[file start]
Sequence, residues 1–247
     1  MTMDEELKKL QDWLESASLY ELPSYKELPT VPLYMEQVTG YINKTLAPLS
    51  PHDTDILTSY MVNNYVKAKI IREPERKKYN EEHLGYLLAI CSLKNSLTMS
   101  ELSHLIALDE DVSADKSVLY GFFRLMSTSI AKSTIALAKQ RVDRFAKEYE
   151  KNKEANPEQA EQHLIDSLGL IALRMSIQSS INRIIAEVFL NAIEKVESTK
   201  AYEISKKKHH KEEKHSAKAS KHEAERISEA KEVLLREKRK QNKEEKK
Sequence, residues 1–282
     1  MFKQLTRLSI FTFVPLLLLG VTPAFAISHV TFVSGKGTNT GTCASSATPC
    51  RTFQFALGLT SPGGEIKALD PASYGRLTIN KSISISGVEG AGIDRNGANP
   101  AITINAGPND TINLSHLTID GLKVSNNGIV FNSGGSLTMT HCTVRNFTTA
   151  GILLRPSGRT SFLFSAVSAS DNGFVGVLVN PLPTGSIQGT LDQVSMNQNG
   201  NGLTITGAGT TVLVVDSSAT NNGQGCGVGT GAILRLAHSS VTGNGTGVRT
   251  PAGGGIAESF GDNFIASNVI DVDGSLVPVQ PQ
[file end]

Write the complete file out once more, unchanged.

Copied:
Sequence, residues 1–247
     1  MTMDEELKKL QDWLESASLY ELPSYKELPT VPLYMEQVTG YINKTLAPLS
    51  PHDTDILTSY MVNNYVKAKI IREPERKKYN EEHLGYLLAI CSLKNSLTMS
   101  ELSHLIALDE DVSADKSVLY GFFRLMSTSI AKSTIALAKQ RVDRFAKEYE
   151  KNKEANPEQA EQHLIDSLGL IALRMSIQSS INRIIAEVFL NAIEKVESTK
   201  AYEISKKKHH KEEKHSAKAS KHEAERISEA KEVLLREKRK QNKEEKK
Sequence, residues 1–282
     1  MFKQLTRLSI FTFVPLLLLG VTPAFAISHV TFVSGKGTNT GTCASSATPC
    51  RTFQFALGLT SPGGEIKALD PASYGRLTIN KSISISGVEG AGIDRNGANP
   101  AITINAGPND TINLSHLTID GLKVSNNGIV FNSGGSLTMT HCTVRNFTTA
   151  GILLRPSGRT SFLFSAVSAS DNGFVGVLVN PLPTGSIQGT LDQVSMNQNG
   201  NGLTITGAGT TVLVVDSSAT NNGQGCGVGT GAILRLAHSS VTGNGTGVRT
   251  PAGGGIAESF GDNFIASNVI DVDGSLVPVQ PQ